A few days back I posted a wonderful picture of the recent total solar eclipse taken from the ground. This one is taken from a slightly different vantage point: the International Space Station.
In this, we can see the darker central shadow, which is called the umbra. In this corridor, it will be possible to view the eclipse as a total eclipse. Around it is a fainter shadow where some light is still getting through. This part is known as the penumbra. If the eclipse is viewed from here, the moon will only cover part of the sun.
But Earth isn't the only place eclipses can occur. Eclipses can actually occur on any body that has a satellite large enough that it's angular size is greater than, or equal to, that of the sun when viewed from that distance. This means that Jupiter's largest moons, known as the Gallilean moons, can all cast shadows that would be percieved as eclipses if viewed from below.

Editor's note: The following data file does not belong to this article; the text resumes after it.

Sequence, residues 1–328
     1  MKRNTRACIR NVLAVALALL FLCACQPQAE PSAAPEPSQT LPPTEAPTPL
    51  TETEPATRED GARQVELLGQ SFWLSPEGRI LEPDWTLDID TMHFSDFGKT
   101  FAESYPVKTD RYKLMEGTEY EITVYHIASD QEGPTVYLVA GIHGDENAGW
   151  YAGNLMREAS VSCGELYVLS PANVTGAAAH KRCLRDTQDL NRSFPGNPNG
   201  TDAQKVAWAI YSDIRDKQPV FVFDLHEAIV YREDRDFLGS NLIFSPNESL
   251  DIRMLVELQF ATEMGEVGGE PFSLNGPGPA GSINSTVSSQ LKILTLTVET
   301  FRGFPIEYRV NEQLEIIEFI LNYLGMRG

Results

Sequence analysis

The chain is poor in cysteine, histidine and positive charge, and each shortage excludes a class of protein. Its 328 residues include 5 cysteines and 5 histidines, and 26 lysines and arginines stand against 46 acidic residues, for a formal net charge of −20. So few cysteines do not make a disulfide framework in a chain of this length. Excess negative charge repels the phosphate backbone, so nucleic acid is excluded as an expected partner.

Meanwhile, in other places, like Mars, the satellites will be too small to completely cover the sun. Thus, the object will only partially block the sun. For example, here's Phobos going across the Sun as viewed from the Opportunity rover which is still working away on the surface of Mars:
Events such as this, in which one object passes in front of another, but does not completely block it, are called transits.
Another type of event that is similar is called an occultation in which a large object passes in front of another (excluding the sun and moon). This happens occasionally with the moon passing in front of various stars and on rarer occasions, planets.
That's all for today's astronomy lesson.